Lagoon Communities and Ecosystems

An aerial view of sandy barrier islands and coastal lagoons common in Arctic coastal parks.
Barrier islands and coastal lagoons like this are common along Alaska's Arctic coast.

Lagoons make up about a third of Alaska's Arctic coastline. These dynamic coastal lagoons are a critically important ecosystem in the region because they support populations of birds, fishes, and invertebrates, and are used by both terrestrial and marine mammals. They also support seasonal traditional subsistence activities for Alaska Natives and serve as navigational pathways throughout the year by local village residents.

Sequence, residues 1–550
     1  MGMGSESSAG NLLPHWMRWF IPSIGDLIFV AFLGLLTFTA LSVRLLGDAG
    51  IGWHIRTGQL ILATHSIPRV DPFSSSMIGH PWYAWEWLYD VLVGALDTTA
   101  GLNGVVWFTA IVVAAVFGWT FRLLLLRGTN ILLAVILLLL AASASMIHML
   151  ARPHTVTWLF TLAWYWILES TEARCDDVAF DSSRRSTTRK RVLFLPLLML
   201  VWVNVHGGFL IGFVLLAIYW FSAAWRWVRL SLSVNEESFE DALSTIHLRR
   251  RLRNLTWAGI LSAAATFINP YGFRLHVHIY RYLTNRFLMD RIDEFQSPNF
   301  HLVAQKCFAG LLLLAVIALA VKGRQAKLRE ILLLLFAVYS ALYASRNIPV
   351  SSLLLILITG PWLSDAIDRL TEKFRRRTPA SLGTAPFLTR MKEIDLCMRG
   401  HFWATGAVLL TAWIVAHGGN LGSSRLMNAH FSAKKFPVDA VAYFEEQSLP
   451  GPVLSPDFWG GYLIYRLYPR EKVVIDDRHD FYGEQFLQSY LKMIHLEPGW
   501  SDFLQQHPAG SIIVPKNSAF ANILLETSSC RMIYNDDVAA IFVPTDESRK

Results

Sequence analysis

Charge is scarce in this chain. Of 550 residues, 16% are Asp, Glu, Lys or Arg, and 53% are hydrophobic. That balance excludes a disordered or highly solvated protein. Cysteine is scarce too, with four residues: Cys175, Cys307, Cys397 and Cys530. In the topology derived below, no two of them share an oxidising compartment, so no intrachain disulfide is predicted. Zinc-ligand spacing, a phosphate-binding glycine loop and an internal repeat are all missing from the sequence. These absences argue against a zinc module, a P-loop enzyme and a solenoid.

We monitor lagoon communities in Bering Land Bridge National Preserve and Cape Krusenstern National Monument to document:

  • Trends in lagoon water chemistry and lagoon connectivity with the marine environment
  • Trends in fish community composition and patterns of lagoon use
  • Changes in aquatic food web and trophic dynamics
  • Changes in contaminants levels in fish

Contact: Tahzay Jones

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7 minutes, 13 seconds

Lagoons are relatively understudied in the Arctic, and to this point scientists with the National Park Service and Wildlife Conservation Society are learning just how dynamic these environment are. Learn about the ongoing research of these lagoons in the video and learn more about our cooperative effort with Wildlife Conservation Society to monitor these vital landscape features.

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    Last updated: December 1, 2020